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datatime: 2022-09-25 12:25:50 Author:mNyujyii

The brazier had gone out; the charcoal was all ashes. He got more and started another fire, warming his hands as the charcoal began to burn. Kasia moaned, stirred, and then coughed. Fearful of fever, he felt her forehead but it was cold. So were her cheeks. Too cold.

Her urgency lent him the burst of energy to do as she bid. Then he helped her hold even that little bit of sail against the force of the wind and keep the rudder headed towards the black bulk ahead of them.

Kasia, at the end of her strength, was draped across the tiller bar.

He had little strength left himself, but the need to get his beloved below, to what warmth they could contrive, was foremost in his mind. And he did, half dragging her the short space from the seat to the cabin, slamming open the hatch, hoping that the waves had not seeped through and flooded their one refuge. He almost tumbled her down the stairs, but they both made it. She pulled herself into the bunk while he struggled to close the hatch.

They almost missed the entrance to the cove even with the prow of the ship pointed at it. Kasia let out a whoop of triumph, grinning with disbelief as the sloop passed the mouth of the inlet and left the fury of the sea behind them. Sheltered by the stony arm, the sloop rolled less wildly as the waves carried it towards the indistinct mass of cliff.

Now he had enough warm water and soaked a towel, passing it from one hand to the other before he pulled back the fur and laid it against her chilled legs for a few moments, coaxing warmth back into them.

The blueness was leaving her skin by the time he got her to drink all her soup, but she lay limply under the fur, drained by even the slight effort required to swallow. Under them the little ship rocked gently, pulling at the anchor chain, then following the sea as it was pulled back again. He got in the bunk beside her, covering them both with the other fur, and at last allowed himself the luxury of sleep.

The anchor... Rob... drop it. We can't... run... aground, she said, gesturing to the bow.May be rocks anyway... no matter.

Sip it, Kasia, you've got to get warm.

She was shaking violently when he reached her. Somehow he got the sodden clothes off her coldly mottled body and rolled her into the furs. She groaned and tried to say something, but hadn't the strength.

It couldn't have been a long rest, but it had been enough for his resilient young body, and he poured soup into two cups, then put the water kettle back on. He'd towel her down with warm water.

That might help.

It couldn't have been a long rest, but it had been enough for his resilient young body, and he poured soup into two cups, then put the water kettle back on. He'd towel her down with warm water.

Her urgency lent him the burst of energy to do as she bid. Then he helped her hold even that little bit of sail against the force of the wind and keep the rudder headed towards the black bulk ahead of them.

It couldn't have been a long rest, but it had been enough for his resilient young body, and he poured soup into two cups, then put the water kettle back on. He'd towel her down with warm water.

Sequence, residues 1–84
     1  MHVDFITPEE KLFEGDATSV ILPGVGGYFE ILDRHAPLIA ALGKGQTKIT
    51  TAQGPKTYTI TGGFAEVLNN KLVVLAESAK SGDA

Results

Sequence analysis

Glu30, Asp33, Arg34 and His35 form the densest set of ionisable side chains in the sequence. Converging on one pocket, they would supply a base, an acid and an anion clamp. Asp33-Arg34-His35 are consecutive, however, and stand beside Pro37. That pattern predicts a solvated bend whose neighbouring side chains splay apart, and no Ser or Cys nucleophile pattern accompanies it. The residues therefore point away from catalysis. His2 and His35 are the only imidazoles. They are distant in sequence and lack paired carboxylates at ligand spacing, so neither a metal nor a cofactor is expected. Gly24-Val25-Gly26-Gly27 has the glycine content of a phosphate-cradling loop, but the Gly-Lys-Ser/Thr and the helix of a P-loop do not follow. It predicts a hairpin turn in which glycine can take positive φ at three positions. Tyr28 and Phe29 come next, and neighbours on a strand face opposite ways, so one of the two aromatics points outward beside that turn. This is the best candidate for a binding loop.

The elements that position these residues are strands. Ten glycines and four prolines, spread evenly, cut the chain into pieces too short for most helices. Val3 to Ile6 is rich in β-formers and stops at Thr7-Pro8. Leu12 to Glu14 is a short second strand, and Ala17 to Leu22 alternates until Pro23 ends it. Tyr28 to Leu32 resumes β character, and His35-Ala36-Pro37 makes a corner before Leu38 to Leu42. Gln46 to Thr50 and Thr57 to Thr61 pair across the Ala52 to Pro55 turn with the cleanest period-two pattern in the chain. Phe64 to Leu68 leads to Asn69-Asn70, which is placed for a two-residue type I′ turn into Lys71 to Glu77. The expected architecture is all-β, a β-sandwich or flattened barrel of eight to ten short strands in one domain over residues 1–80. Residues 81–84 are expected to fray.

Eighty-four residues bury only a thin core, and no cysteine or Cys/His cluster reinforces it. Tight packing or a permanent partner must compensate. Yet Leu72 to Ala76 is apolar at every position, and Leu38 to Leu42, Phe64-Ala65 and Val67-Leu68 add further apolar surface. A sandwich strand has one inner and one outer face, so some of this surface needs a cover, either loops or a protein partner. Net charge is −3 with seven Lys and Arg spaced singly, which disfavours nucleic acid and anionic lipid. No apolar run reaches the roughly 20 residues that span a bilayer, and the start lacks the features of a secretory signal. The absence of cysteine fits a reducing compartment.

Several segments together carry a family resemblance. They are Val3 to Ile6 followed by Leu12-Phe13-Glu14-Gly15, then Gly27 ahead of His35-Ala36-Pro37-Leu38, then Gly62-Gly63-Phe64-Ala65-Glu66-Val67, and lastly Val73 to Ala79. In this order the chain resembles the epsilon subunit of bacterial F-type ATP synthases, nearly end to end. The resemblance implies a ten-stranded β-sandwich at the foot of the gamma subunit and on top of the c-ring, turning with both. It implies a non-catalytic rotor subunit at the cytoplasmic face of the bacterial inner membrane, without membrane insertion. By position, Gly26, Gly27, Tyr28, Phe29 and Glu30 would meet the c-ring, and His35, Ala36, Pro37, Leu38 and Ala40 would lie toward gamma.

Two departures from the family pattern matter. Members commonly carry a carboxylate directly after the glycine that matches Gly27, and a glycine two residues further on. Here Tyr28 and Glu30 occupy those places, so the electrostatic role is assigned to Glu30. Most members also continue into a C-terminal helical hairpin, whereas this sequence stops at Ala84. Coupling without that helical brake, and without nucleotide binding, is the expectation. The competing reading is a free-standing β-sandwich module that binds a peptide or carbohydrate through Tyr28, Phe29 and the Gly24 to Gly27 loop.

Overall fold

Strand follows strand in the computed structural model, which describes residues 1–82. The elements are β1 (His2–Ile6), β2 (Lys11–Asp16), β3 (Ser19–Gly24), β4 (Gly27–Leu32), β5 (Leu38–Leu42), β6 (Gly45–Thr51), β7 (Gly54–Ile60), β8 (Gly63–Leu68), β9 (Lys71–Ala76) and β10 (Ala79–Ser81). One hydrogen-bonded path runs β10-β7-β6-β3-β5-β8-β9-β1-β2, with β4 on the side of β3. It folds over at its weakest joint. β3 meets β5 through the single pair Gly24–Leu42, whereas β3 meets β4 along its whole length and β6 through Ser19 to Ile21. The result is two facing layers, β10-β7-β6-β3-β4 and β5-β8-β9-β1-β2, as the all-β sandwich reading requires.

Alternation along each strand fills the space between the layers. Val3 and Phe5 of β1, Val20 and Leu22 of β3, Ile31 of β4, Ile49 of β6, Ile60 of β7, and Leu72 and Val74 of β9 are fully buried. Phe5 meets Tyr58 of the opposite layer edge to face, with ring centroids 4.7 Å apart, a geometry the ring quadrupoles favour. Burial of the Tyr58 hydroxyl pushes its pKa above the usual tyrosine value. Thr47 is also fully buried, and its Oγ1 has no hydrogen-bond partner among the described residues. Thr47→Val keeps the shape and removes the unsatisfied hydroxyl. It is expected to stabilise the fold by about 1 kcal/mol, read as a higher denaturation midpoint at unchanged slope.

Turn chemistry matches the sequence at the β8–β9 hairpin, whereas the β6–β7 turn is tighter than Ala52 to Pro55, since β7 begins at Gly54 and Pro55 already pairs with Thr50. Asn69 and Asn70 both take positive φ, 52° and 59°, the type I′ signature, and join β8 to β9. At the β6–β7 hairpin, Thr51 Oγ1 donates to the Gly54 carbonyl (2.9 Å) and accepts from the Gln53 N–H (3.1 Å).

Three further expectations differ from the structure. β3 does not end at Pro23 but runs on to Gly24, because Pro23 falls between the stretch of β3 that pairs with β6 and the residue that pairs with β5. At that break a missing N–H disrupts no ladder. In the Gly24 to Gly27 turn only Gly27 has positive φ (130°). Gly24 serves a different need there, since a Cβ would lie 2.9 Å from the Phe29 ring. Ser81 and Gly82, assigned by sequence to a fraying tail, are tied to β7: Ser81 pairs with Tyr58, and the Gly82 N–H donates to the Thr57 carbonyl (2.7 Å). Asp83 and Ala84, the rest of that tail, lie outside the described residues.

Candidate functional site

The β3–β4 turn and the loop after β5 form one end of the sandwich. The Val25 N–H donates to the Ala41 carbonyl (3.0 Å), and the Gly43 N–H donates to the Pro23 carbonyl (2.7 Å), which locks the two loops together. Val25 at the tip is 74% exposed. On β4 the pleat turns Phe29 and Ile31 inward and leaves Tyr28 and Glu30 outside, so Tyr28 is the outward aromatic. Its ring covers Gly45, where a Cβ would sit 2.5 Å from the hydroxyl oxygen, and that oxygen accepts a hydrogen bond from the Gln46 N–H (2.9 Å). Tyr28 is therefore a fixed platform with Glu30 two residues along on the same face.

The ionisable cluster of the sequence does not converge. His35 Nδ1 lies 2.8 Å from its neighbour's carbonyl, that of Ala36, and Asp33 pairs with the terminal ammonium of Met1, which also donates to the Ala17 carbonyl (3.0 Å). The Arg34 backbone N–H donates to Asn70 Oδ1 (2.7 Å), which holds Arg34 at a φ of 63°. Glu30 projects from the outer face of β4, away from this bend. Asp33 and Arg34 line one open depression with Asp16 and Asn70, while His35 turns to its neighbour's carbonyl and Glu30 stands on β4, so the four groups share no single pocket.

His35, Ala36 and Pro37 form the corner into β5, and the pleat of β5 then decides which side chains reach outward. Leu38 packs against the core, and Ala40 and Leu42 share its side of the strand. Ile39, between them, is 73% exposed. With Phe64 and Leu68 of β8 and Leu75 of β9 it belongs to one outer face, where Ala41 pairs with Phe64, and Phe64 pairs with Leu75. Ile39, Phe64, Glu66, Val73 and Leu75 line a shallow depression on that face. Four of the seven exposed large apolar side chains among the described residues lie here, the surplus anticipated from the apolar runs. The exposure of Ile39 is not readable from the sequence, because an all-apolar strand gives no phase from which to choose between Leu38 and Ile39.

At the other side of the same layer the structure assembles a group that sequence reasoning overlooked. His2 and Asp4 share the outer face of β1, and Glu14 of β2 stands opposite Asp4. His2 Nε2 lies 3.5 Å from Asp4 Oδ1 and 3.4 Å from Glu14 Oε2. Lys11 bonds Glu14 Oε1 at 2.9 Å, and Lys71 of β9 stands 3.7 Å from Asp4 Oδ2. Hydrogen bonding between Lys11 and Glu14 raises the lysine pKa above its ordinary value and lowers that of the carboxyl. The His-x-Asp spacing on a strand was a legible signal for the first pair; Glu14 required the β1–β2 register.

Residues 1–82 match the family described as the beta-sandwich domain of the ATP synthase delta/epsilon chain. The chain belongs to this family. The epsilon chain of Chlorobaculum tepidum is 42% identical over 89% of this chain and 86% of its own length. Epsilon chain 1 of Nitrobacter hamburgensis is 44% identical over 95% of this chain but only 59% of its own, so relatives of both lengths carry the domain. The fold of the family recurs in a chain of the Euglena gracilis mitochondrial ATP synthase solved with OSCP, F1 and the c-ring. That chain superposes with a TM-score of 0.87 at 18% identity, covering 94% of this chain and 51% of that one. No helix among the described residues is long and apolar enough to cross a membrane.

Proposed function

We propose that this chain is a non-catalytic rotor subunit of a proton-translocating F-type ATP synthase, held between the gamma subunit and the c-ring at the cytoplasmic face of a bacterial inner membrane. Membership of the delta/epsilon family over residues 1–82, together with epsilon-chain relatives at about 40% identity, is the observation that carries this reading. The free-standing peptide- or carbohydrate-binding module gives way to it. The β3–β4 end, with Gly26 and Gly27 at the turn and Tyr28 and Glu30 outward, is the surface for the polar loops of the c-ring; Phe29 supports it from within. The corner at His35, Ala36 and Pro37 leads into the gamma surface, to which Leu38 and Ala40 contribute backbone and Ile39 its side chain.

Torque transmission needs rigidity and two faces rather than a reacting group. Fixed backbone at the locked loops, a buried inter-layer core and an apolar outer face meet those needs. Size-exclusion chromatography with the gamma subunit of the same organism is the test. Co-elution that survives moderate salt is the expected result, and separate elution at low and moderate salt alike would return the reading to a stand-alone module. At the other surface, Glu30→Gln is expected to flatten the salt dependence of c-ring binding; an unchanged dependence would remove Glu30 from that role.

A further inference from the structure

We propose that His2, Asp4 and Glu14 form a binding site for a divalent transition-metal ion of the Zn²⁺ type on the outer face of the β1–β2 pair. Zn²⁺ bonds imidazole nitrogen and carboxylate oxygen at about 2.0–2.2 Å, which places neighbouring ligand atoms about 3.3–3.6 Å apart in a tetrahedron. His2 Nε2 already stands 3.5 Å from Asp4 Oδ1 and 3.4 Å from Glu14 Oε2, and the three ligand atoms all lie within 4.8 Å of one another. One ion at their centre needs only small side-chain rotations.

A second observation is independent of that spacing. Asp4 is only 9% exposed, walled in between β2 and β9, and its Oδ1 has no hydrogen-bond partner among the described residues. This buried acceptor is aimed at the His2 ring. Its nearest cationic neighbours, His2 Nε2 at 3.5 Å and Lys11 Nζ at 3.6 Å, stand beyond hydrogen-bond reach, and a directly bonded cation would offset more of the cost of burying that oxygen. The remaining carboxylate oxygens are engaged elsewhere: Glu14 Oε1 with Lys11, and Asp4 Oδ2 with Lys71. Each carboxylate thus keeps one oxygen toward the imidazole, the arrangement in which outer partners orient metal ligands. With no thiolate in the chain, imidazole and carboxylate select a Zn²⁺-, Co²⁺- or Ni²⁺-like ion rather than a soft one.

The brazier had gone out; the charcoal was all ashes. He got more and started another fire, warming his hands as the charcoal began to burn. Kasia moaned, stirred, and then coughed. Fearful of fever, he felt her forehead but it was cold. So were her cheeks. Too cold.

He took half of his cup of soup between struggling out of his wet-weather gear and finding clean, dry, warm clothing from the cupboard. He got out the warmest things Kasia had brought with her and the heavy woollen socks. These he put on her feet, after chafing them until she moaned and tried to draw them away from him; they were pink with his ministrations.

Some of the inlets were nothing but shallow pockets eroded from the cliff by the sea. Whatever This one had saved their lives.

He dropped the anchor, saw the line run out, then the forward motion of the sloop stopped. He could hear her timbers creaking as she answered the motion of the sea and then swung about on her tether.

Her urgency lent him the burst of energy to do as she bid. Then he helped her hold even that little bit of sail against the force of the wind and keep the rudder headed towards the black bulk ahead of them.

She was so cold she could barely swallow, but she did, and he coaxed sip after sip into her. When she craned her head round, making noises in her throat, her bloodshot, weary eyes pleading, he drank too. That cup drained, he made another and then put the soup kettle on to warm. He had all but fallen asleep when the steam hissing from under the lid woke him, but he caught the pot before the pressure flipped the cover off.

Her urgency lent him the burst of energy to do as she bid. Then he helped her hold even that little bit of sail against the force of the wind and keep the rudder headed towards the black bulk ahead of them.

He dropped the anchor, saw the line run out, then the forward motion of the sloop stopped. He could hear her timbers creaking as she answered the motion of the sea and then swung about on her tether.

The brazier had gone out; the charcoal was all ashes. He got more and started another fire, warming his hands as the charcoal began to burn. Kasia moaned, stirred, and then coughed. Fearful of fever, he felt her forehead but it was cold. So were her cheeks. Too cold.

The anchor... Rob... drop it. We can't... run... aground, she said, gesturing to the bow.May be rocks anyway... no matter.

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